Earlier this evening, a couple of my Tweeps (yeah, I like using that word, even though I swore I would never become a twit myself) tweeted and retweeted comments on the topic of authors and social media. The basic conversation had to do with whether or not participating in websites like Twitter and/or Facebook ruined an author’s mystique or helped keep contact with fans and readers. I couldn’t condense my response into 140 characters, so I’m having a go in a slightly longer format.
I think the answer is “yes.”
Yes, it does diminish an author’s “mystique,” at least to the extent the word means the mystery associated with Writer-As-Archetype, the wizard who stays behind the curtain so nobody knows that masterful Oz is a balding gnome in curl-toed shoes. A famous author (my memory is that it’s Anne McCaffrey, but my memory is about as reliable as the Titanic 2 hours post-iceberg, so be warned) tells a story about dining in a restaurant and having the server treat her just like everyone else until the bill came, at which point she handed over a credit card and the server’s eyes just about fell out when she recognized the name. In telling the story, the author reflects on the fact that we, the people behind the words, have the luxury of invisibility when we want it – at least most of the time.
But that world is changing, and despite the success of thrillers and mysteries in the bookstore, the more familiar author may find more success in the new(ish) digital world.
Before the Internet put everything at everyone’s fingertips and social networking brought us all into each other’s living rooms on a nightly basis (ignore the socks in the corner), authors lived in relative obscurity. But now that everyone is only a click away, blogs and social networking give authors the option to enter the public square much more visibly than before.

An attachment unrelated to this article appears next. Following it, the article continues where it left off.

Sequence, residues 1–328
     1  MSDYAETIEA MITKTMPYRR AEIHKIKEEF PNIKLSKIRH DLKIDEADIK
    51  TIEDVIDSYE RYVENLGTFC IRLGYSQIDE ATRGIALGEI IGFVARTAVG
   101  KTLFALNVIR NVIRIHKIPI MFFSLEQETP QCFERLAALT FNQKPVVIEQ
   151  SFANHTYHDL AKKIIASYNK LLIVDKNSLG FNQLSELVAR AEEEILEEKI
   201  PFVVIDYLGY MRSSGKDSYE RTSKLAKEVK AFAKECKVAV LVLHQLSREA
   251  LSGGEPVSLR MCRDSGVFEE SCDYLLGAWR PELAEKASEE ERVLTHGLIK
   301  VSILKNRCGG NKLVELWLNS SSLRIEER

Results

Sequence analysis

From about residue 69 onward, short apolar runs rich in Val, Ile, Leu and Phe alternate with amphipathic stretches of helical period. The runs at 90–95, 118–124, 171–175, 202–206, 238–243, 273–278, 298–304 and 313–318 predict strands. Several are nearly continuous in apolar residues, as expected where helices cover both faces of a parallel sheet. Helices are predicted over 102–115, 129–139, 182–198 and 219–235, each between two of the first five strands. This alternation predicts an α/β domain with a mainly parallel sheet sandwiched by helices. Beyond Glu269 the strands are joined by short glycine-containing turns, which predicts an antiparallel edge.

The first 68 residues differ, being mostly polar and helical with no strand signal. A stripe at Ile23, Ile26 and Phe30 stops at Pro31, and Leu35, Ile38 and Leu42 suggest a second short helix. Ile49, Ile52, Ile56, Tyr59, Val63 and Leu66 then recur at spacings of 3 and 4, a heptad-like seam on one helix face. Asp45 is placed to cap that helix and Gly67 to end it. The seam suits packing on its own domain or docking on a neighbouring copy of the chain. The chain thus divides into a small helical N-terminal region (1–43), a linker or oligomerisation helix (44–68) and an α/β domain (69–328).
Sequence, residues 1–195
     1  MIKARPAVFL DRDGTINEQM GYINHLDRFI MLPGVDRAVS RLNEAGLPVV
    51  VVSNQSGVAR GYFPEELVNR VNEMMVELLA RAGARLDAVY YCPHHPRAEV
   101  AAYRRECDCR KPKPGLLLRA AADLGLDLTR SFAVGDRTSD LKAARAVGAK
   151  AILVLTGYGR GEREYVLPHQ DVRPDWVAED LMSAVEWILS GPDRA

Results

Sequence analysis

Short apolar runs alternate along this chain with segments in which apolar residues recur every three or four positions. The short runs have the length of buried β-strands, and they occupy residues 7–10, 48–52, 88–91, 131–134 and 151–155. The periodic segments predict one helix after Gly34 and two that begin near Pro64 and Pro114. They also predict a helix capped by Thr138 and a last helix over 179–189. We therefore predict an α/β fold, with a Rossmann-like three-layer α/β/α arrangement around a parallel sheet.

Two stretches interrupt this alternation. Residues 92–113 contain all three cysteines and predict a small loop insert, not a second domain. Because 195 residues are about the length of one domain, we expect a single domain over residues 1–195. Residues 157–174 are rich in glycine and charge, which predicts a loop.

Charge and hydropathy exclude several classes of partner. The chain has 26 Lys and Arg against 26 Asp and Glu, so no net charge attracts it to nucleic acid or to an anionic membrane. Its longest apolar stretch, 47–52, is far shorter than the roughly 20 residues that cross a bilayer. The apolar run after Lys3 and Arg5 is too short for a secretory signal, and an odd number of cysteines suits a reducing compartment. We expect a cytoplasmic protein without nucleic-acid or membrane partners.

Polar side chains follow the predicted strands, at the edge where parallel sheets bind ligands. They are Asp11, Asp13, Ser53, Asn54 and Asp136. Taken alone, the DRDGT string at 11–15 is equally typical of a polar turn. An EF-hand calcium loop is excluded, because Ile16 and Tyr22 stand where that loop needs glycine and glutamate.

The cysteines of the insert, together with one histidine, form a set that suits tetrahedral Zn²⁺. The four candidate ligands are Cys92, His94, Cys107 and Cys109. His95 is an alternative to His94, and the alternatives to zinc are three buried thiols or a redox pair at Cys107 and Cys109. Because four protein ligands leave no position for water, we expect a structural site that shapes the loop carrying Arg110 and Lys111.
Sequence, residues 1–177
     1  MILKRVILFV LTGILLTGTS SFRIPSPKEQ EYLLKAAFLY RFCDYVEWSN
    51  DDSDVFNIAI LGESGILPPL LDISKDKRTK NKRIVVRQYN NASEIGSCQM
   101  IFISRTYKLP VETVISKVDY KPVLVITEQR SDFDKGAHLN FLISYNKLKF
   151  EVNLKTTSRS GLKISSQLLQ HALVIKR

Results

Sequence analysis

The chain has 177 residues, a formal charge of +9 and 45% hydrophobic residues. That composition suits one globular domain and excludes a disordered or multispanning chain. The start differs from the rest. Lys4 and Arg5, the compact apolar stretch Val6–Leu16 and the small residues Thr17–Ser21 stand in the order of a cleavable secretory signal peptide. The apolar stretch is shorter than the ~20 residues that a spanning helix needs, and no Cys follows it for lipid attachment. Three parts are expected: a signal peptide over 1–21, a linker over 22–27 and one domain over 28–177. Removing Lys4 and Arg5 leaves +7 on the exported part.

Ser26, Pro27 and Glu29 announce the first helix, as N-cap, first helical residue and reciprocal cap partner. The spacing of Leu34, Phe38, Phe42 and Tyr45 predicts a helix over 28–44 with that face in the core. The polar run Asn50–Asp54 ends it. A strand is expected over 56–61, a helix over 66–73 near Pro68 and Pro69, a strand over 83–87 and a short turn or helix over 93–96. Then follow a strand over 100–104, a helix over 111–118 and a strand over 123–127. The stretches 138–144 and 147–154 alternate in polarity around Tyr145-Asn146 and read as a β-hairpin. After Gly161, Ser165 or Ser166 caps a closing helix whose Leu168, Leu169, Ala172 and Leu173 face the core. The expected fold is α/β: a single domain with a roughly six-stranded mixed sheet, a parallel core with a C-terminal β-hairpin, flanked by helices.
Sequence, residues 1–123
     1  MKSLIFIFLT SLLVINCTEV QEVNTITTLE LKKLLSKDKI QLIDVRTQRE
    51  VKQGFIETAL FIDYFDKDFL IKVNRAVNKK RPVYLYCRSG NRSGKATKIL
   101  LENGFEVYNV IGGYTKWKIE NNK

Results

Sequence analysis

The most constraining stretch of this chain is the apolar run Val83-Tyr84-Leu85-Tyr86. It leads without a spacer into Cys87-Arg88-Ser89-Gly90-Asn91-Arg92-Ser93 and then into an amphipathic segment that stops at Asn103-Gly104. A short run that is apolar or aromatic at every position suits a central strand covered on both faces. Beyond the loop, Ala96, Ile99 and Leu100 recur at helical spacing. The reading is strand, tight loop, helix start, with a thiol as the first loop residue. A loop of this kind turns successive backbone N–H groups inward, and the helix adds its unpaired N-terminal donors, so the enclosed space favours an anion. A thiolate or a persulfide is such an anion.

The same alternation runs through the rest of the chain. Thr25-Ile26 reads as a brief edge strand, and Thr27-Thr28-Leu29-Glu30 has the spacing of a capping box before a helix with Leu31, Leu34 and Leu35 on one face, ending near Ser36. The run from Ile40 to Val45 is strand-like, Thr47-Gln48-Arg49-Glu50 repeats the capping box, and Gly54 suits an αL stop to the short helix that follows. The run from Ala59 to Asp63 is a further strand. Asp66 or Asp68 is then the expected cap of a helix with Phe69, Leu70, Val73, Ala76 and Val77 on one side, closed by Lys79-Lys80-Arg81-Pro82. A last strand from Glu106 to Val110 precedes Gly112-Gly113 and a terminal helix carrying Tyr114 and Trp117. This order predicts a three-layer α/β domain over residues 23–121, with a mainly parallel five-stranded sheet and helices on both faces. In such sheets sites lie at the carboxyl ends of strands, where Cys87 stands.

Should we take it? I think so – at least when talking to those who have the time and ability to do it regularly.
To the extent blogs and social media sites enable us to connect with the people who enjoy our work, a little lost mystique probably does us all good. I can’t tell you how many times I’ve talked with people in my “other profession” (which remains nameless here) who can’t believe I answer my own phone and email. They appreciate the fact that they can get hold of me when they want to, and that I take the time to interact with them rather than just treating them like another notch on the ol’ professional belt. Writing is no different.
Connecting with people doesn’t just given them the chance to know you, either – it gives you the opportunity to gain feedback (not just in the form of praise) from the people who buy and read the words you put on the page. Inspiration and improvement come from not shutting eyes and ears to the world around you – including the world inside the screen.
If the choice is mystique vs. opportunity, I’ll take opportunity every time that doesn’t involve a stalker.
So welcome to my living room. But be warned: I’m still not picking up my socks.